As legislators hash out the final details of a transportation funding plan, some regional chambers of commerce are asking legislative leaders to approve a revenue increase to fund road and bridge construction.
"Investment in transportation is critical to Minnesota’s competitiveness, so we also support an increase in revenue that allows us to properly plan and build a transportation system that will ensure regional competitiveness, vitality and economic growth in our state," wrote officials from six regional chambers of commerce.
The letter doesn't call directly for a gas tax increase backed by Gov. Mark Dayton and DFLers to pay for projects over the next 10 years.
But the views expressed in the letter are a nuanced departure from a view held for months by the Minnesota Chamber of Commerce, which has lobbied against a new gas tax.
The chamber suggested early in the debate that transportation investments come from the state's general fund or from what amounts to a property tax increase on property owners who benefit most from new transportation projects.
Minnesota Chamber of Commerce transportation policy director Bentley Graves said he doesn't think the regional chamber groups have departed from the state group's policy.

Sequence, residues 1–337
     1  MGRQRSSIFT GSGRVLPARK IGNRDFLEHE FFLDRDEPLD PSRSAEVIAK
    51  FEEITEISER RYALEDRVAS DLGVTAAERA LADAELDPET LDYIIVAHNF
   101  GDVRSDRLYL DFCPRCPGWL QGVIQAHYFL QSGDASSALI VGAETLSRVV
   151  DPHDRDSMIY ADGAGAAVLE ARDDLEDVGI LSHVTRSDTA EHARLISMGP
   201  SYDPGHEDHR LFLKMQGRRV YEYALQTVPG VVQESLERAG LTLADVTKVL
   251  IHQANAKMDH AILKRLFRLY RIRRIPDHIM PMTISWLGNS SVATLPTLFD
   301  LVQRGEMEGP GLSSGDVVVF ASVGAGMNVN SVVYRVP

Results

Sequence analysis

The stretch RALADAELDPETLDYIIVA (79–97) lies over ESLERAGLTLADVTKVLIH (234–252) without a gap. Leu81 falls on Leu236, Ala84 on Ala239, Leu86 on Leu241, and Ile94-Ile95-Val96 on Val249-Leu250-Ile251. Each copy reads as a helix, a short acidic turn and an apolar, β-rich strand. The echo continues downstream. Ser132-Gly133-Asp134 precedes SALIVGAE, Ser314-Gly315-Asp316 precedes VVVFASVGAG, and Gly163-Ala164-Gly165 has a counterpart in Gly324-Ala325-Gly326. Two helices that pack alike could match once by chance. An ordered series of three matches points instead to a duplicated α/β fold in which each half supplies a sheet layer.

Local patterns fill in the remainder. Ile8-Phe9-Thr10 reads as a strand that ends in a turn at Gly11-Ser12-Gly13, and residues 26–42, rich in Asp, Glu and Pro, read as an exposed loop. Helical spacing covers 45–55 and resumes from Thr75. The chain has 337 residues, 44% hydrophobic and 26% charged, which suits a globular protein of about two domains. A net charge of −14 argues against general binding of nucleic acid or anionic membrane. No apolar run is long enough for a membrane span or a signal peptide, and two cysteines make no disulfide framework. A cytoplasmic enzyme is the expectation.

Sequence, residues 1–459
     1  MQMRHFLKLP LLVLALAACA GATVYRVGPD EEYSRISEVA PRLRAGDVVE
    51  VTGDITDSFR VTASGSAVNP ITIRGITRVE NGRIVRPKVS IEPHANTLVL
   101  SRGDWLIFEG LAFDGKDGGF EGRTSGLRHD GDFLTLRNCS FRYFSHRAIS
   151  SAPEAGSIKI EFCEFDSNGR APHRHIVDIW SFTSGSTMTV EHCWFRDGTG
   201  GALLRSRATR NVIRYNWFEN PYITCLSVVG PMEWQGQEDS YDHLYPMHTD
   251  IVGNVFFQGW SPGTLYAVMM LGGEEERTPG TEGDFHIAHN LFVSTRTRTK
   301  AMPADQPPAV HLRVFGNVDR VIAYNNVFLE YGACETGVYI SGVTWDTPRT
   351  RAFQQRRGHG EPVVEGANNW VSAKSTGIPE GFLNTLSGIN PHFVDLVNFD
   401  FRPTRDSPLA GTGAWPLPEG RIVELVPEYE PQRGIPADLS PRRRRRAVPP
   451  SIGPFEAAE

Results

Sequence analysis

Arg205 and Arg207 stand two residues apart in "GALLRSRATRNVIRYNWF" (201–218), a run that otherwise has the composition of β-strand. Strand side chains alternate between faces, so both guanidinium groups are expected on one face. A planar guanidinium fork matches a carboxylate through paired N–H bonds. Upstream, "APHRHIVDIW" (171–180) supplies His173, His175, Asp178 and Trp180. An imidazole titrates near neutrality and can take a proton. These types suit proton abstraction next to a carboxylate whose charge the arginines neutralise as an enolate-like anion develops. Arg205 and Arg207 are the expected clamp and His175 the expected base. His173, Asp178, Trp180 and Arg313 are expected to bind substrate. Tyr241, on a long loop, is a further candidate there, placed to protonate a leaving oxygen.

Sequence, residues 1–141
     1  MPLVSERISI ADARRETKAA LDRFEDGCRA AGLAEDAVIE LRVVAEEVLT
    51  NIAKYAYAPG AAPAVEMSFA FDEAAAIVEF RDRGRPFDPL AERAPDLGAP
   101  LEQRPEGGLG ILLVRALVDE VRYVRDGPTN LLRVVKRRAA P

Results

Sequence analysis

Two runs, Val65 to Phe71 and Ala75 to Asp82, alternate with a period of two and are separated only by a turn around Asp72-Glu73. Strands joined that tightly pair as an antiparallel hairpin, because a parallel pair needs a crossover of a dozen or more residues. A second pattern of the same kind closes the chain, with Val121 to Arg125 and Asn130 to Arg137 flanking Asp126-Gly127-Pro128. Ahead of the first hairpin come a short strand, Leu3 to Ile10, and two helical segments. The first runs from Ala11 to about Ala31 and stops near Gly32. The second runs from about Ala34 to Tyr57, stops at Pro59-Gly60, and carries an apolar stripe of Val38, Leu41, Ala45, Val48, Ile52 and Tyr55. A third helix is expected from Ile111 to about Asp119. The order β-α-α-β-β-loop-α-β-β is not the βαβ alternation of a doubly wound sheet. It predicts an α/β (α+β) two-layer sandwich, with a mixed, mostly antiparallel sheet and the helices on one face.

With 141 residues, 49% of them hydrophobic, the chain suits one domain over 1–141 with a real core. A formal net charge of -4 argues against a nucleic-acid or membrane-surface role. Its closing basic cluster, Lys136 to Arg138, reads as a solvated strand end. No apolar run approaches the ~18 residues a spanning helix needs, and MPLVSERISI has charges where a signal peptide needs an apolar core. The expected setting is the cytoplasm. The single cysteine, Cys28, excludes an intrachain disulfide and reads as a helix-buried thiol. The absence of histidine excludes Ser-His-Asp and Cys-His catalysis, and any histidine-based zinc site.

"I would say it’s not all that different from our view," Graves said. "We ought to have a substantial transportation bill that includes new revenue."
While the Dayton administration argues that the current gas tax isn't keeping up with road construction costs because people are buying less gas, the Minnesota Chamber of Commerce has said that the projected $6 billion in new revenue needed by the state is overstated by millions.
A spokesman for the Minnesota Chamber of Commerce was not immediately available for comment on the letter.
The letter comes at a critical time in negotiations. The House and Senate versions of the bill are far apart, with the Republican-controlled House relying on existing revenue sources to pay for roads and bridges as part of a $7 billion funding proposal and the Senate version including a minimum 16 cent increase in the gas tax as part of a more than $10 billion proposal that includes funding for transit.
The letter's signatories include regional chambers from the Twin Cities and Greater Minnesota, including the St. Paul and Minneapolis chambers of commerce, as well as the Mankato, Duluth and Marshall chambers of commerce.
The New Ulm Chamber of Commerce signed the letter after it was sent to House and Senate leaders on May 5.
You can read the letter here: